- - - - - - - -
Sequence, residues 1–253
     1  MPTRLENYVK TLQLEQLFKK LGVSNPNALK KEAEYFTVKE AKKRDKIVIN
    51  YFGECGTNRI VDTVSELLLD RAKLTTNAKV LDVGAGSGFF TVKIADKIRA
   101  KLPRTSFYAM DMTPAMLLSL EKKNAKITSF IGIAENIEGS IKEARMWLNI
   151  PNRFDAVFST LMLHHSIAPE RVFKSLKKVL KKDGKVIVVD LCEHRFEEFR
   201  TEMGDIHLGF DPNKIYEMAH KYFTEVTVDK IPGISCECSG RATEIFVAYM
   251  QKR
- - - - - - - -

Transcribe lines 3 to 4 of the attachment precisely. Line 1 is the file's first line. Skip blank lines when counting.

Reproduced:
    51  YFGECGTNRI VDTVSELLLD RAKLTTNAKV LDVGAGSGFF TVKIADKIRA
   101  KLPRTSFYAM DMTPAMLLSL EKKNAKITSF IGIAENIEGS IKEARMWLNI